Video: Tiger Temple or Tiger Business? Should I visit Tiger Temple in Thailand

 

In August 2013, I was set to volunteer at Tiger Temple, Southeast Asia’s most controversial tourist attraction, to find my own truth about wild tiger conservation. However, I left after 18 days of volunteering. In previous articles I have highlighted my thoughts after working there for 18 days.

There were several other articles I wrote about what my daily life was like volunteering at Tiger Temple, but I left prematurely. I had intended on doing an article a day, however, I lost enthusiasm for it as the project went on and I just didn’t feel right about it and the place. So I finished off with my final thoughts on Tiger Temple.

Should I visit Tiger Temple?

visiting tiger temple

Should I visit Tiger Temple?

This is a question that is highly debated in TripAdvisor, with thousands of  people chiming in with their opinion, their friend’s friend’s cousin’s grandma’s opinion, some proclamation from a person “who really knows for sure that those tigers are drugged” etc.  The truth of the matter, from my perspective anyway, I highlighted in the article – the Reality of Volunteering at Tiger Temple. Basically, it is hard to know what really goes on behind the scenes – unless you were a true insider. And I mean true, not like a Westerner who has been there for two years and thinks they know everything, I mean like the head monk. The one who looks like a cod fish.

tiger temple monk

The first thing tourists who visit Tiger Temple think of, talk about, and discuss ad nausea is “Are the tigers drugged?” Well the fact of the matter is: I don’t know and they don’t know for sure. I don’t think the cats are drugged, but the whole question is irrelevant and a distraction to the real issue. Does visiting Tiger Temple and paying for all of the activities there help conservation of tigers in the wild? No. 

The “donation” money that tourists pay first goes to building this big ass temple outside. In real conservation projects, the money goes directly to improve the lives and wellbeing of the animals in captivity and to the animals in the wild. It is NOT for profit. Paying to have a temple built is a for PROFIT enterprise. What do the tiger’s need a bigger building to be chained up to for? Yeah thought so.

Despite what other volunteers or workers delude themselves into thinking, the temple does not make this for profit point clear and the temple’s party line is all over the place with where the money goes. If you go there and ask a volunteers they will spout out some bullshit about a conservation project – but they really have no idea. They just want you to be go away with a smile on your face. Seriously, one day when I was there a girl went up to one of the lead Western staff and voiced her concern about the tigers being chained up etc. His response “We had a PhD. from Oxford come here and say these cats were in the best condition he had ever seen.” Satisfied, the girl left feeling a little less upset by here emotional response to the situation. Surprised, I asked, “Really? Did the guy end up publishing the paper on the tigers? I want to check it out.”  “Ha, no. That was just a bunch of bullshit I made up to calm her down.”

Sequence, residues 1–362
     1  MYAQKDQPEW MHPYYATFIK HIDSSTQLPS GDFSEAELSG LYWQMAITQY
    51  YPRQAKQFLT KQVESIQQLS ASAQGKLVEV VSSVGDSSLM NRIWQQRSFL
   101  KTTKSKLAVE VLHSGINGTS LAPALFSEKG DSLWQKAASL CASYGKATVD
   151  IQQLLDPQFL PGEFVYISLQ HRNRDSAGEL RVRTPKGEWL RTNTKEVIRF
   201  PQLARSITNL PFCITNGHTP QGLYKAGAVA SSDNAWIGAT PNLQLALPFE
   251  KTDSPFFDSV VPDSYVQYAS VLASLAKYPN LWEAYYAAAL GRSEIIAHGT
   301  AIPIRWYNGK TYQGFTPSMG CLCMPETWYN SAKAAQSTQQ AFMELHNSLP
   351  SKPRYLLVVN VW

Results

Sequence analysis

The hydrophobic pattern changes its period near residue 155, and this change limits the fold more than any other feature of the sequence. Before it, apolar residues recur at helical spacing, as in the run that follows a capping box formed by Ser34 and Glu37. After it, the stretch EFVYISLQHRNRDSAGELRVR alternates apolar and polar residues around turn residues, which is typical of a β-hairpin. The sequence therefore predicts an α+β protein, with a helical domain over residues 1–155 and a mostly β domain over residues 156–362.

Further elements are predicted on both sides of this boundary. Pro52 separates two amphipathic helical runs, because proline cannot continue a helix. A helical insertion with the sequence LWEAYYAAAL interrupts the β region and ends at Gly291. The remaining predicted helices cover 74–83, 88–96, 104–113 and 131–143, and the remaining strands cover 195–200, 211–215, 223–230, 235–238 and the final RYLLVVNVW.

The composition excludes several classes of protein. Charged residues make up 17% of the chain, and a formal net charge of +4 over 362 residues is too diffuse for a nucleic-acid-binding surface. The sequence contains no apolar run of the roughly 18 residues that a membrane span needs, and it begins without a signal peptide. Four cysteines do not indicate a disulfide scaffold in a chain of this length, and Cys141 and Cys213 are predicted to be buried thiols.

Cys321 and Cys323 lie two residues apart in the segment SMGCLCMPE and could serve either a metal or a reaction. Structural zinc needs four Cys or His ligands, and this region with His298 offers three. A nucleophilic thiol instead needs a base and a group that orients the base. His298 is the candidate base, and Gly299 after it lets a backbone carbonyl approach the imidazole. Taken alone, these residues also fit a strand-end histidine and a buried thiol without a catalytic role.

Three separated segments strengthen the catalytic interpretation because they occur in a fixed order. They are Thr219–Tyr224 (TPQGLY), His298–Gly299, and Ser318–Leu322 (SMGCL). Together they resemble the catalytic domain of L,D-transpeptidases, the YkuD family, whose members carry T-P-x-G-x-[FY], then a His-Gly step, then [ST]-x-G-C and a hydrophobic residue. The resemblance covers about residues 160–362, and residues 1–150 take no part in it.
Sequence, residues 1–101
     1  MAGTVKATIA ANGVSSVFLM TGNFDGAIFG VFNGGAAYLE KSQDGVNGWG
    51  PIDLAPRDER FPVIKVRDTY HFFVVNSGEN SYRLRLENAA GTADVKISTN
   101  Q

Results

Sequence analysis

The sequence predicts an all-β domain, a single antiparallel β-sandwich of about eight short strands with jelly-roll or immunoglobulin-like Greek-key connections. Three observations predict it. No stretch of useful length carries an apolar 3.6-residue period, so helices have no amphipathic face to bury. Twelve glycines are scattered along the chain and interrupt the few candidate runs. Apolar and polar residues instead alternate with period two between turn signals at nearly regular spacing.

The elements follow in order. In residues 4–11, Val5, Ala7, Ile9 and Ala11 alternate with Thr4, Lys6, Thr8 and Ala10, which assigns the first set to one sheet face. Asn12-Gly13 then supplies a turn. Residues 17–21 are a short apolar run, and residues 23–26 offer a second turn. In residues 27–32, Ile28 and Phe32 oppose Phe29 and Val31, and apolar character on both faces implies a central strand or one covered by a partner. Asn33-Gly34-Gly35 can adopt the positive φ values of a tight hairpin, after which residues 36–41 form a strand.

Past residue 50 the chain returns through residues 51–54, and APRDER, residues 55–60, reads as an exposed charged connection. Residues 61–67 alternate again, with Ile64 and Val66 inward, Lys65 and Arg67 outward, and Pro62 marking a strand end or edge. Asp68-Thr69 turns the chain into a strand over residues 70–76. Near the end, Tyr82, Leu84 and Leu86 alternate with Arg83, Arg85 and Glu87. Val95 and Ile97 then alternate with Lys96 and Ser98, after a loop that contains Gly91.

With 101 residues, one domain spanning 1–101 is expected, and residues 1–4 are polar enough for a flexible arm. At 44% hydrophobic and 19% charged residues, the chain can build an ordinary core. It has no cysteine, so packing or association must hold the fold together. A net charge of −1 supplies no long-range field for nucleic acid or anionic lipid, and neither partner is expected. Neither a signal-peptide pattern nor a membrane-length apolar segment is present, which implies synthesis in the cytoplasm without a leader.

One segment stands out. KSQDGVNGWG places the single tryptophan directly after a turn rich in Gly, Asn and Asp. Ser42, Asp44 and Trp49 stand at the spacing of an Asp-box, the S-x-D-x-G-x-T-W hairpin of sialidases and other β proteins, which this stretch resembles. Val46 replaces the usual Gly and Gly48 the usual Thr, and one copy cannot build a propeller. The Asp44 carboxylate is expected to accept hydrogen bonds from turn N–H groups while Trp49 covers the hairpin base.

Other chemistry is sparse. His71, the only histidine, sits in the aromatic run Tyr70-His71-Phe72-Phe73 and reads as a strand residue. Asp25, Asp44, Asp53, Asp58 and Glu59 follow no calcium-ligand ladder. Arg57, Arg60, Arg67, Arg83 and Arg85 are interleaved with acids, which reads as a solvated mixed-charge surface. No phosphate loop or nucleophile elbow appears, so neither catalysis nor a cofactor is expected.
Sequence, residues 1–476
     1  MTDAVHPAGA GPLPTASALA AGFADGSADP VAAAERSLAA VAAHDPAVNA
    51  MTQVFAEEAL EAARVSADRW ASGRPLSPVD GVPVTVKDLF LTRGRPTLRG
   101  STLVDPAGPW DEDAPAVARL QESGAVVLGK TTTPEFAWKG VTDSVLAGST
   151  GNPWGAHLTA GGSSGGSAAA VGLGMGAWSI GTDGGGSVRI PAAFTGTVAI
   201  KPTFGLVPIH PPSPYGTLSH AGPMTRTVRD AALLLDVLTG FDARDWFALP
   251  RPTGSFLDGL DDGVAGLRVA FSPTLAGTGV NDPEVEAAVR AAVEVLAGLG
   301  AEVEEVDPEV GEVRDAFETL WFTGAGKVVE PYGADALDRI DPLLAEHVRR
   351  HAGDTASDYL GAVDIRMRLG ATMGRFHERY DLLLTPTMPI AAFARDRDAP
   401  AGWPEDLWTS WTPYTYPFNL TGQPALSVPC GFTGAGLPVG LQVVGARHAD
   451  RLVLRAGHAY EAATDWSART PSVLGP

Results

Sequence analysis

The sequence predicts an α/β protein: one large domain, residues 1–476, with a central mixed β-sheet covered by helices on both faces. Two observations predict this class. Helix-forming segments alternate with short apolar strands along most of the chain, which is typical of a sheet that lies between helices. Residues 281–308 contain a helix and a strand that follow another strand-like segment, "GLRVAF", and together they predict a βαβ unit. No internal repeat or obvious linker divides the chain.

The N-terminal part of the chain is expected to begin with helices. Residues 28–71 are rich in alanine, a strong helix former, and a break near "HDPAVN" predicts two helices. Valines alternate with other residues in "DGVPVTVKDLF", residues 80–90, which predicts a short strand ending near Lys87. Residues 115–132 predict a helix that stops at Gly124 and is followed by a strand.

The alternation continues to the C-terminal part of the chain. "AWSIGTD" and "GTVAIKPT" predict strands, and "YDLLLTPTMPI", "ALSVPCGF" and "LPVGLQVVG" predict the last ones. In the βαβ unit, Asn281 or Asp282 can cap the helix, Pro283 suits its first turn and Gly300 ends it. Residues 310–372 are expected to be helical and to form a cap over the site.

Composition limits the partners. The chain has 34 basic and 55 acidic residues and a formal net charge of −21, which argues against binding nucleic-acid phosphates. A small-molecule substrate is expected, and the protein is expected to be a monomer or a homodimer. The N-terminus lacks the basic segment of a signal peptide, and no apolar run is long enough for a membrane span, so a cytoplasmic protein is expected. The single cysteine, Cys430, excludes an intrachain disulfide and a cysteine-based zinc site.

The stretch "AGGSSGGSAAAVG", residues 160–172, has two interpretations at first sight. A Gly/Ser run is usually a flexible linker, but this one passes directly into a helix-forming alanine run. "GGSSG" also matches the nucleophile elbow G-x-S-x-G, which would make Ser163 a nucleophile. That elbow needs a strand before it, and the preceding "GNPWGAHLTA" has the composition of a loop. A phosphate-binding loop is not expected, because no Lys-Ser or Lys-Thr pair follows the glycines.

At the end of the day, people believe what they want to believe. They search out things of significance and aline what they see to fit their reality. So 1/3 of people will think the place is unholy, 1/3 will be completely indifferent, and 1/3 will love it and say it is just misunderstood and look at the happy monk feeding the tiger noodles. Hooray.

********side note on shity human nature *****

I know this is a sad reality but it is just that. I remember last year when I was in Laos and I met a woman who asked if I wanted to go on an elephant ride. I took a few minutes, not in a preachy kind of way, but just in a “Yo, this is kind of fucked kind of what they are doing kind of way”, to explain why you shouldn’t ride elephants. After my little spiel, she said “Yea, you are right. Well – I am going to go check it out and ride one anyway cause I am here.” So there you go. Human 0, Losing complete faith in humanity 1

*********back to some tiger truth********

Waiting chained to the perimeter

Waiting chained to the perimeter

And the last glaring question to leave with is: Why so  many tigers? If Tiger Temple is losing money on them, they shouldn’t let them breed like rabbits. But they do so because they make the most money from the cubs which they take from the mother a week or two after birth. Sad. And since we are on the subject of breeding like rabbits, where did the rest of he tigers go? When I was there there was like two 2-week old, three 8-week olds, and three 16-week olds…at that birth rate their should be way more tigers. Wonder where they went? (hint* they make all the cheap crap you buy at Walmart).